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Lethal and non-lethal effects of exposure to methylmercury in the Zebra Finch (Taeniopygia guttata) during development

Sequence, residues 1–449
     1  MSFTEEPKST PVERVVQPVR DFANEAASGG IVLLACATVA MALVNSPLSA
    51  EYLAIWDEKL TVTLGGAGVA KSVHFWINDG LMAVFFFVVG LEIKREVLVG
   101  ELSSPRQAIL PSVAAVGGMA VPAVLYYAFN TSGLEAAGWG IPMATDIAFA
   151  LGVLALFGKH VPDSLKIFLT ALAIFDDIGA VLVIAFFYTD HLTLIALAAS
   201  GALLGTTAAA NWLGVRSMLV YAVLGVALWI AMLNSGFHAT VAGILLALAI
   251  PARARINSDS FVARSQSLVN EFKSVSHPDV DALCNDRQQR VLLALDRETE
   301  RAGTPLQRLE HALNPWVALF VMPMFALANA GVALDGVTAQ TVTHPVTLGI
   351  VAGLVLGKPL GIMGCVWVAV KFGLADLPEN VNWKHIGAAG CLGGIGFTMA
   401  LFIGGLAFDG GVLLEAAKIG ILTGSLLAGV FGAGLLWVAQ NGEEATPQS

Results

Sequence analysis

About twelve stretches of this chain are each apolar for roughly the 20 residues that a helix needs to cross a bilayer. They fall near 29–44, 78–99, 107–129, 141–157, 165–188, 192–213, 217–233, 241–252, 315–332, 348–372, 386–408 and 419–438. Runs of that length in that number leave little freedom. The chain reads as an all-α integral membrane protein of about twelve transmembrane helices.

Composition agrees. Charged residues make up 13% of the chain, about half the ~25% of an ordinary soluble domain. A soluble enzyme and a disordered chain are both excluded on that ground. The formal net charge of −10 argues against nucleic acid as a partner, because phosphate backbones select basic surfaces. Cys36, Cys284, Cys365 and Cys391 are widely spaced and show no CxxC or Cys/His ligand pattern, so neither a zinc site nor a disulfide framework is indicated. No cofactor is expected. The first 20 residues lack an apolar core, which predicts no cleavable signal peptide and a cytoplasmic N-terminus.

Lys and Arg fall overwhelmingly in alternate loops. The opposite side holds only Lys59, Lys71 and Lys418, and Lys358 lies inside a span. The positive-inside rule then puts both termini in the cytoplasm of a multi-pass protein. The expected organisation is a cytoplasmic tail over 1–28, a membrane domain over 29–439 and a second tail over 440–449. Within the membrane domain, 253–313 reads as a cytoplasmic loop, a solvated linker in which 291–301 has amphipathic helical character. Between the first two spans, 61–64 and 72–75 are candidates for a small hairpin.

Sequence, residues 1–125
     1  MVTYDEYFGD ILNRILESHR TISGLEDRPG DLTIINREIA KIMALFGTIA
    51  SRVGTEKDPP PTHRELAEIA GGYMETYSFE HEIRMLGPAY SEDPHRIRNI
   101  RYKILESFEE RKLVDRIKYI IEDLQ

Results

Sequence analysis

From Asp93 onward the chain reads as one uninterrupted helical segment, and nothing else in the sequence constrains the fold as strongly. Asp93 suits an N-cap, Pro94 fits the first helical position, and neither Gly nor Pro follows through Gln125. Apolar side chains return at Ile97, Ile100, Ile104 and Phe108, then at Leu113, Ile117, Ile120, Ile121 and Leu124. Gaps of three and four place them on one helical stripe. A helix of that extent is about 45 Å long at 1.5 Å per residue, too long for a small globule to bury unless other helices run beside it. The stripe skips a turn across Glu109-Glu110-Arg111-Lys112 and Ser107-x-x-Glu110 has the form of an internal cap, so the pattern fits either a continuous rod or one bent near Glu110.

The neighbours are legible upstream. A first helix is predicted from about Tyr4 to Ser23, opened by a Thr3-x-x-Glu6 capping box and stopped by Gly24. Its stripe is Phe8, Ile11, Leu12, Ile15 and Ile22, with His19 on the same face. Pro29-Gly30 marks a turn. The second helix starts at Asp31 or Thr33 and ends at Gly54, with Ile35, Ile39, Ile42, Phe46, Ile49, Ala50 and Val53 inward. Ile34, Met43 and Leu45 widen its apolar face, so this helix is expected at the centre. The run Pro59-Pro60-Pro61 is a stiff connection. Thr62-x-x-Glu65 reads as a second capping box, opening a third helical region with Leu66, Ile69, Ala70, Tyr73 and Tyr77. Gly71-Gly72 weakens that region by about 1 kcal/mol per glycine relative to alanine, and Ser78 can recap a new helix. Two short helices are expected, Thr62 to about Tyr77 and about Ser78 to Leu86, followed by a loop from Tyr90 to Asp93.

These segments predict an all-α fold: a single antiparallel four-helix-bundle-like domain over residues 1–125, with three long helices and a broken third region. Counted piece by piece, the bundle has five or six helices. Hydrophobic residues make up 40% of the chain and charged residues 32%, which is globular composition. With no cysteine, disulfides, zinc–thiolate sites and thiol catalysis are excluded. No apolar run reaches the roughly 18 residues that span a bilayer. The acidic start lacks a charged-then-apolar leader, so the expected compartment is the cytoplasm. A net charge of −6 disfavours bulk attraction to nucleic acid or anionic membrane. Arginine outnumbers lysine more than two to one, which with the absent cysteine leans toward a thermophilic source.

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Methylmercury is an environmental contaminant that bioaccumulates, and has multiple toxic modes of action. Aquatic species have traditionally been the focus of wildlife toxicological research on mercury, but terrestrial receptors, including passerines, may also be exposed to similarly elevated levels of methylmercury. In this study we exposed a model passerine, the Zebra Finch (Taeniopygia guttata), to methylmercury in-ovo (embryonic exposure, pre-hatching), only as a chick (post-hatching exposure), and with a combined in-ovo chick treatment (embryonic and post-hatching exposure). Exposure to methylmercury in-ovo resulted in a significant reduction in hatching success, but there was no significant difference in behavioural or reproductive outcomes for the individuals that survived to maturity. Birds dosed both in-ovo and as chicks had reduced numbers of females surviving to maturity and altered male courtship behaviours. Birds dosed only as chicks had reduced survival rates. No long-term effects were seen on male courtship in the birds dosed only as chicks. Continuous exposure of chicks during embryogenesis and chick development had a deleterious effect on bird survival and fertility. Passerines may be able to withstand exposure to elevated levels of methylmercury during development at the nestling stage, but chronic exposure may reduce survival and fertility.
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